The Real Issue Behind Cutting and Other Self-Harm Behaviors

Teen boy worried sitting on the floor“Cutting helps me to release anxiety. I feel better after I do it.”

“Cutting provides me with control over my emotions and allows me to express my emotional pain.”

These are the words of teens who have engaged in self-injurious cutting behaviors. Generally speaking, cutting serves as an emotional release for teens who struggle to engage in effective coping behaviors. Without the “release” cutting provides, a teen may not be able to alleviate distress. Over time, the emotional release provided by cutting, coupled with an inability to use other coping tools, can result in significant self-harm.

Although the emotional difficulties experienced by teens who engage in cutting behaviors are often quite challenging, for parents of teens with this issue, the pain of watching their child injure herself or himself can be overwhelming. It is often hard for parents to imagine that a child is in so much emotional distress that self-destructive behavior seems, to the child, to be warranted. Many parents believe that they provide their children with the love and support they need to lead emotionally healthy lives. The discovery that a child is engaging in cutting behaviors can be devastating. The distress experienced by parents is also often compounded by a lack of knowledge regarding how to help.

If parents suspect that their teen is engaging in self-injurious or cutting behaviors, they must act quickly to prevent further harm. When confronted about the behavior, teens may dismiss it and even work to convince their parents that they need this behavior in order to cope. Teens may compellingly make the argument that they are only hurting themselves, not others, so what is the harm? Although these arguments may at first seem convincing for parents, the reality is that when a teen engages in self-injurious behavior he or she is experiencing significant distress that must be addressed through more positive outlets.

When responding to the needs of your child, it is important to remember that self-injurious behavior is typically an emotional response to distress and generally not an indication that your child is considering or attempting to commit suicide. Because the act does represent a significant amount of emotional distress, parents must be willing to seek help for their child and address the underlying emotional problems that are causing the child to engage in this type of behavior. Self-injurious behavior can, of course, result in accidents which cause suicide. Professional counseling support may be needed to help the child identify what is causing the behavior and find new, healthier ways of coping.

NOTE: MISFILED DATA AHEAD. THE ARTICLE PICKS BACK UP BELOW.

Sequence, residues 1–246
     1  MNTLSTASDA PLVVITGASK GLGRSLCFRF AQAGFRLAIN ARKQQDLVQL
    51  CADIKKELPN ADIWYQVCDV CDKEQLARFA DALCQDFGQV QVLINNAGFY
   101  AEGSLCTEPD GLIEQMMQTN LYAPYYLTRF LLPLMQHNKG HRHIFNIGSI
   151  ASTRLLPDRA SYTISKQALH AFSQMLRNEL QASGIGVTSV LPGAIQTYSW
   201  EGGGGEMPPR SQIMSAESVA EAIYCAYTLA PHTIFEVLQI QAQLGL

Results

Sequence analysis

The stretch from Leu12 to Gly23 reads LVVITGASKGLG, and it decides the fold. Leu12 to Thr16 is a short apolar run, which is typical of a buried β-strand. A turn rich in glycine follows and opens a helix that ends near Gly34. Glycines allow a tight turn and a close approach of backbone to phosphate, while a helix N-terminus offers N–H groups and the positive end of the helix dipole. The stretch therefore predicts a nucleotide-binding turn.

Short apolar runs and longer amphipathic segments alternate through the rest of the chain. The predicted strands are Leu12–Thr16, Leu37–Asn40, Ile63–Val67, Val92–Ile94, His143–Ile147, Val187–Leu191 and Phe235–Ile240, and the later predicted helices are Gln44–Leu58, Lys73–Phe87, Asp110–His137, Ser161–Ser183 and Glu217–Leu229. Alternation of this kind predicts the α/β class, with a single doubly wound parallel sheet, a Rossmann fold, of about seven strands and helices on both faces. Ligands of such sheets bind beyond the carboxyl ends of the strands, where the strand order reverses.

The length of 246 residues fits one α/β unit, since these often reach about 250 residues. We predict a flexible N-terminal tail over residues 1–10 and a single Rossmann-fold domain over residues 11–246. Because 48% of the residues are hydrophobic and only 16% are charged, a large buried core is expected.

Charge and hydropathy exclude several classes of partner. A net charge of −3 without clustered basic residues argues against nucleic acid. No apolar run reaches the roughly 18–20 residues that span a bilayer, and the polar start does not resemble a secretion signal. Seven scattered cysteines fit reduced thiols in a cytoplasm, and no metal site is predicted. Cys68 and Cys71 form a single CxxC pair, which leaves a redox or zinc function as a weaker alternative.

The most difficult part for parents will be coming to terms with the reality that a child has experienced so much emotional pain that he or she could not find another way to cope with it. Parents may experience a wide range of emotions, including guilt, shame, and anger. For parents struggling with these emotions, professional support may be needed. Family therapy could also be useful.

There are no circumstances under which self-injurious behavior should be considered acceptable. Cutting behavior represents significant emotional distress for your child, and your response to this issue will be critical for ensuring your child’s emotional well-being over the long term. Helping your child learn new coping tools, and helping yourself come to terms with your own emotions about the situation, will be imperative to healing.

© Copyright 2014 GoodTherapy.org. All rights reserved. Permission to publish granted by Michael Clatch, PsyD, therapist in Glenview, Illinois

The preceding article was solely written by the author named above. Any views and opinions expressed are not necessarily shared by GoodTherapy.org. Questions or concerns about the preceding article can be directed to the author or posted as a comment below.

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  • Gabby

    Gabby

    October 9th, 2014 at 10:48 AM

    We found out that our son was doing this after we wouldn’t let him hide behind the long sleeves and over sized clothing anymore. We suspected but couldn’t be sure until we forced that confrontational moment and it took us aback to understand that he was doing this because if the pain that he was feeling inside. It is shocking to learn that your child has been hurting like this but didn’t know how to tell us so he did the only think that he knew how to do.We are lucky that we catually forced the issue a little because he is getting help and I think that we have all learned a whole lot from the experience. I still worry that he will take to this kind of behavior again one day but for now we are trying to take things one small step at a time.